Comment AMD Open Source Driver on Linux (Score 4, Informative) 148

The AMD Open Source Driver on Linux do the same thing. It's not really a new or spectacular bug, graphics cards and drivers have done that stuff for quite a long while. Once there was also a fun bug that would make large texts in Firefox 'bleed' into the desktop background image, so it wasn't just showing old content, but actively manipulating content of another application.

Comment Re:Focus on what they do best (Score 1) 231

You can add new repositories from other people (PPAs) you can create your own repositories (and share them with others), you can make your own dpkgs inside the main tree OR to install dependency free in /opt. You can side load and have multiple installed side by side.

Yes I can and in doing so I will wreak havoc to the monolithic dependency tree. There is no way to do a simple task such as installing two different version of the same package via apt. The system isn't build with that flexibility in mind.

I have build scripts which create temporary chroot ubuntu installs of various versions (with caching!) so I can get fully automatic repeatable builds of a package I distribute.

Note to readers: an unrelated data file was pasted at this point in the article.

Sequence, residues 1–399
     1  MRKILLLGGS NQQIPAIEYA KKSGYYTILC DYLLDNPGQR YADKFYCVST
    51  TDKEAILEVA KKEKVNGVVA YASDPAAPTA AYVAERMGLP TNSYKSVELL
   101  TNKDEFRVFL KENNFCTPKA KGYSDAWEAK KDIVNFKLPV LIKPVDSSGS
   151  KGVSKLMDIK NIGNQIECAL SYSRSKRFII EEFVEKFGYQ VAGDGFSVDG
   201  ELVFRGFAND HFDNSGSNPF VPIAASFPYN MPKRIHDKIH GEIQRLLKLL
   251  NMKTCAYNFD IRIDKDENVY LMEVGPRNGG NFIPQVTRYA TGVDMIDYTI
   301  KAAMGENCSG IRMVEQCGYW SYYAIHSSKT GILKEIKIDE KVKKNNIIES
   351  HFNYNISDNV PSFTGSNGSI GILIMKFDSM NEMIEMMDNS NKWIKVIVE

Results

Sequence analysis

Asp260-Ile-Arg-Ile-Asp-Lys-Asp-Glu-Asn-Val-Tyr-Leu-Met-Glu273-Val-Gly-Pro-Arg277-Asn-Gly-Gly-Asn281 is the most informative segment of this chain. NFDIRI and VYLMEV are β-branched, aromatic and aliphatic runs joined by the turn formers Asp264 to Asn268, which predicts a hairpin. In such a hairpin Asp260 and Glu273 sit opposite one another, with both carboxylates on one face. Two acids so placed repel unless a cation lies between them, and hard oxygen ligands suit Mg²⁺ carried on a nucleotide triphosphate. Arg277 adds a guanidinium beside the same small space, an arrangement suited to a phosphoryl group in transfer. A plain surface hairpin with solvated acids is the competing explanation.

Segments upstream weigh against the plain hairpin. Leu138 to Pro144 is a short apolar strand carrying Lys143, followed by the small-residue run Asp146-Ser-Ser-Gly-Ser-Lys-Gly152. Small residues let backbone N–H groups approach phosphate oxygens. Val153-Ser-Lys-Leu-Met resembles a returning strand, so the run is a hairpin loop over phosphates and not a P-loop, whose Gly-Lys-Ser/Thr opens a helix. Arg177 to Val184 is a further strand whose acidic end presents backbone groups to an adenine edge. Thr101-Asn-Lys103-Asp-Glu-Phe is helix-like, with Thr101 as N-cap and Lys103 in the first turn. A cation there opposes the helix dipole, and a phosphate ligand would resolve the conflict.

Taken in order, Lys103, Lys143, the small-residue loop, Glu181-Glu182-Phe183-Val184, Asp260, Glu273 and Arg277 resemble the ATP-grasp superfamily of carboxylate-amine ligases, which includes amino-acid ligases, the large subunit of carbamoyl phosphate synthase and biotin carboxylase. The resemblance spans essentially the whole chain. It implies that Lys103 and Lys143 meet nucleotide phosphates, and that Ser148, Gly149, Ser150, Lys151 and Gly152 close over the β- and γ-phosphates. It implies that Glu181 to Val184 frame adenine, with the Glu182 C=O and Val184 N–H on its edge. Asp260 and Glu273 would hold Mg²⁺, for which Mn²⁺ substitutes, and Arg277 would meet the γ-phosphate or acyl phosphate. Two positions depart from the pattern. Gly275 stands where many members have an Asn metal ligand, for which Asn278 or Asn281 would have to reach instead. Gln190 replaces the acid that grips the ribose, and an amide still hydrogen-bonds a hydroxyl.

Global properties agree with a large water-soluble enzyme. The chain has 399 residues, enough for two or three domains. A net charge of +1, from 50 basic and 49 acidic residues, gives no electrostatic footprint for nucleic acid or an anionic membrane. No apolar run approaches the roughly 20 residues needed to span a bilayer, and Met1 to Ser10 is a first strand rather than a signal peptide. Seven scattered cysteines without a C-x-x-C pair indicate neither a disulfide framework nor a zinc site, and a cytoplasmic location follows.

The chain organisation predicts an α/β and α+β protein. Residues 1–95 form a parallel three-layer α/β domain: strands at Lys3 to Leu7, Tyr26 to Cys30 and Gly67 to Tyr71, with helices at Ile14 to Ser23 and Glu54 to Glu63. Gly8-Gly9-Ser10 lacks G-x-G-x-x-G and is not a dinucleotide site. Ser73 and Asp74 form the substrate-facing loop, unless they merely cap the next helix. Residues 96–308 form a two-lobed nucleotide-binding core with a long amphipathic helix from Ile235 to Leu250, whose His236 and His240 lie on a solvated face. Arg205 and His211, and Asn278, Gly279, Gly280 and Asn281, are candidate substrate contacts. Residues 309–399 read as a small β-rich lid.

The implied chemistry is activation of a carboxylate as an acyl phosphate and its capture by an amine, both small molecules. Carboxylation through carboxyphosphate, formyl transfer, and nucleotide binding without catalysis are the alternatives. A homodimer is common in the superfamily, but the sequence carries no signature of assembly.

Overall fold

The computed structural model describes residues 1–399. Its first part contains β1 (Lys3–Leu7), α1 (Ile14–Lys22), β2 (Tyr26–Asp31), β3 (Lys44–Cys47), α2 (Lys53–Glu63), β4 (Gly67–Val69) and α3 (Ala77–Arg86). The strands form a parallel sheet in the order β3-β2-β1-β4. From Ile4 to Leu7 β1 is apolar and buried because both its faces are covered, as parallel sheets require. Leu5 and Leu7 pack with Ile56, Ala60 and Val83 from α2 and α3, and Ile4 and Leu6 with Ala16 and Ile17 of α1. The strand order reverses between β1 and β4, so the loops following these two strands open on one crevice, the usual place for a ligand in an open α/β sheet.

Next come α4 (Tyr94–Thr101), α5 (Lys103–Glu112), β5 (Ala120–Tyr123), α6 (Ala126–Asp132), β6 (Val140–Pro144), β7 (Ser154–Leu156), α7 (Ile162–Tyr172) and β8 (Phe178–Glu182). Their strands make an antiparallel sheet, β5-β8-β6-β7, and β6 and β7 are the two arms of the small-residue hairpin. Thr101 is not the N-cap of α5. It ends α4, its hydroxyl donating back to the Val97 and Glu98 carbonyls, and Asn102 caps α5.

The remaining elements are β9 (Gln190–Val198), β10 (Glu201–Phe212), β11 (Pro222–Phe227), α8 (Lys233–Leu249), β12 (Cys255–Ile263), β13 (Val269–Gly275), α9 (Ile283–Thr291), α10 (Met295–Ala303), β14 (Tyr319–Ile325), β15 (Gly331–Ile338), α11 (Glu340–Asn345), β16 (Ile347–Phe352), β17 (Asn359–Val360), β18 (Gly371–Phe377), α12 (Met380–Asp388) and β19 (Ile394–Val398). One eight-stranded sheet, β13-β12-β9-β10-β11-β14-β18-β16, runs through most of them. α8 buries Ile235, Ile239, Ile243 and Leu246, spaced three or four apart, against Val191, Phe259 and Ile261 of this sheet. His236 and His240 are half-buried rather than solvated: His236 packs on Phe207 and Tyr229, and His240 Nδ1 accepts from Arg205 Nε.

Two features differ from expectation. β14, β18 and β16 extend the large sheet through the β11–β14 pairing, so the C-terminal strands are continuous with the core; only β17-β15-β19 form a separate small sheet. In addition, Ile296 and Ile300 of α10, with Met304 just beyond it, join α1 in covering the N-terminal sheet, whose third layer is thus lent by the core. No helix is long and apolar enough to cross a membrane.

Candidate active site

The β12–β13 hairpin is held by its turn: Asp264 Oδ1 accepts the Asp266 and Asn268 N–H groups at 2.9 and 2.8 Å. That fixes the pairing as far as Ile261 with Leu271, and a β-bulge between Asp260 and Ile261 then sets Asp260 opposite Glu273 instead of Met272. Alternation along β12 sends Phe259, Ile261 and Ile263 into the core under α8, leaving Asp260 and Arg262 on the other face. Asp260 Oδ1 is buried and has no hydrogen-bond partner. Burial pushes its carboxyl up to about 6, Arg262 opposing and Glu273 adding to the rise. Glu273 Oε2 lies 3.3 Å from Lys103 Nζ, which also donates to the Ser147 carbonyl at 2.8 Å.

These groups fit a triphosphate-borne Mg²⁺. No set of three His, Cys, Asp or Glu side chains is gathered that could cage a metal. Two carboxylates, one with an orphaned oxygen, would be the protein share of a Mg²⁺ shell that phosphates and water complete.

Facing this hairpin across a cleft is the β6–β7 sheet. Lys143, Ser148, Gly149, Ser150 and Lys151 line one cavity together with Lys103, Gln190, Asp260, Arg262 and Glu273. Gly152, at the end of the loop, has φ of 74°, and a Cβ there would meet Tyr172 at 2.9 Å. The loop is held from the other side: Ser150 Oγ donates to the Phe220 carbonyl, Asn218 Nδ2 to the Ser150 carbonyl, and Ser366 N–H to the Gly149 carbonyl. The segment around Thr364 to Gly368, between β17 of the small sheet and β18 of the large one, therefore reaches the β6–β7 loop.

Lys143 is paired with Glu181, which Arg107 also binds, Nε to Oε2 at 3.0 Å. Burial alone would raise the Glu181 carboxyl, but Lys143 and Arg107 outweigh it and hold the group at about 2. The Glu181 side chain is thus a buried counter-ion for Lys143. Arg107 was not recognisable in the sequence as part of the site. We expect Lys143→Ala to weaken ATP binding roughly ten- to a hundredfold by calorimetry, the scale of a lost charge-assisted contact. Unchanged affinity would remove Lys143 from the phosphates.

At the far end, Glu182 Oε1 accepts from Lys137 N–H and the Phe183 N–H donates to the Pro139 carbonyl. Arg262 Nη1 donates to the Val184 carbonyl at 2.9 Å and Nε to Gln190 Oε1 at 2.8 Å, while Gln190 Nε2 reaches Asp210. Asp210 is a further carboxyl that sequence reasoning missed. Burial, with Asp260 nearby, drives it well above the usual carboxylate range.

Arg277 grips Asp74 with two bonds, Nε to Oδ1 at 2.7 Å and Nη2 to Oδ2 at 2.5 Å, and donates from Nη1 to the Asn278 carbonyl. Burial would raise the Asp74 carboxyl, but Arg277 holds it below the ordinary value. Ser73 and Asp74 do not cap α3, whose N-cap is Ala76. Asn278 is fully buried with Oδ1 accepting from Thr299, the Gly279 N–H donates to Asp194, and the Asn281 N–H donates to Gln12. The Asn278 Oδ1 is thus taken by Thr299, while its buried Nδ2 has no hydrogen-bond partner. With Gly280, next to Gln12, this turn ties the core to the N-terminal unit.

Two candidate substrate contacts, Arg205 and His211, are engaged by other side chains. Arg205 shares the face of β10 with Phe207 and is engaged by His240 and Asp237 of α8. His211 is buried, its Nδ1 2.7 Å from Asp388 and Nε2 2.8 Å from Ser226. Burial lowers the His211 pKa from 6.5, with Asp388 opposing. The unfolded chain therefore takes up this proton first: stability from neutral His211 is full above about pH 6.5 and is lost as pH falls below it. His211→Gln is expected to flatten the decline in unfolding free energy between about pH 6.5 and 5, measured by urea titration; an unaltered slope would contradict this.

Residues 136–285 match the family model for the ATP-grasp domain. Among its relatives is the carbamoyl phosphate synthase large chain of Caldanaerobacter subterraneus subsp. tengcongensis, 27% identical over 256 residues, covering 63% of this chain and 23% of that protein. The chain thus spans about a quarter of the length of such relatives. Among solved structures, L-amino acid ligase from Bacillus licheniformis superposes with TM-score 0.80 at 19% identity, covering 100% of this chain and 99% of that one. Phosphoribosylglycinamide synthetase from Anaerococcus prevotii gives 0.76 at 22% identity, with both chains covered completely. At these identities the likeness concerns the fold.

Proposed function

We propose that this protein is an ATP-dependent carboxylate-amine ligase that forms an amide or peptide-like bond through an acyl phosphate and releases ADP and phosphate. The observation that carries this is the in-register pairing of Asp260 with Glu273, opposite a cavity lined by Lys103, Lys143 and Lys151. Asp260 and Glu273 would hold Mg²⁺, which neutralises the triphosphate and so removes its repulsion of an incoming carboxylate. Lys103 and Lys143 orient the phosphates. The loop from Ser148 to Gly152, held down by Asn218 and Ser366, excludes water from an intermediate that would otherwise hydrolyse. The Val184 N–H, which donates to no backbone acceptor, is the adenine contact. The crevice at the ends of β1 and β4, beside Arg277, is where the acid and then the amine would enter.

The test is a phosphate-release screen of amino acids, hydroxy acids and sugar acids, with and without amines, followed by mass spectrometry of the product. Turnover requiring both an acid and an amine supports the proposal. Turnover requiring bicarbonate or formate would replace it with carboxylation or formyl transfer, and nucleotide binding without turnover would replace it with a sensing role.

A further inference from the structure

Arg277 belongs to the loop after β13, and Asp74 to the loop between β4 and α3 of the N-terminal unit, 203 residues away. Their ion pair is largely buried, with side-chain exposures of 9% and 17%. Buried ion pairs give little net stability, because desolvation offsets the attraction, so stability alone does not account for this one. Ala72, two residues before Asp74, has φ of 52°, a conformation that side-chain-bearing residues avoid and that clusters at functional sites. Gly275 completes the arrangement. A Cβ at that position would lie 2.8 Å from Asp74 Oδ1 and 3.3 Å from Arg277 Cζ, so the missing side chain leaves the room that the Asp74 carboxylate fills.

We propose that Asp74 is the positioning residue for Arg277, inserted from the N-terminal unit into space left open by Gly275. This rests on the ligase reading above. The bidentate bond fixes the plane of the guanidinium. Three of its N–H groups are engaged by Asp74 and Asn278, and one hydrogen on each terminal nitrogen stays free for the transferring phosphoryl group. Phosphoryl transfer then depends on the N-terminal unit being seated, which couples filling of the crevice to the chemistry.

Yes and that is the problem. You had to literally abandon your main OS and reinstall a new one to get dependable behavior. That is a failure of the OS, not a feature.

Or grab the source, and configure && make && make install in a sandbox/VM,

Again, you are working around the system. The ability to completely by pass the package manager and doing things the manual way is not an argument for the package manager being good, it's the very reason why it's crap.

Oh. Today I learned apt-add-repository and the AUR don't exist.

Those fuck around with the monolithic dependency tree and cause trouble all the time. The package management system has no means to keep third party apps in a separate namespace.

Comment Re:Focus on what they do best (Score 1) 231

There are two components to software freedom:

1) Being legally allowed to make a change or redistribute something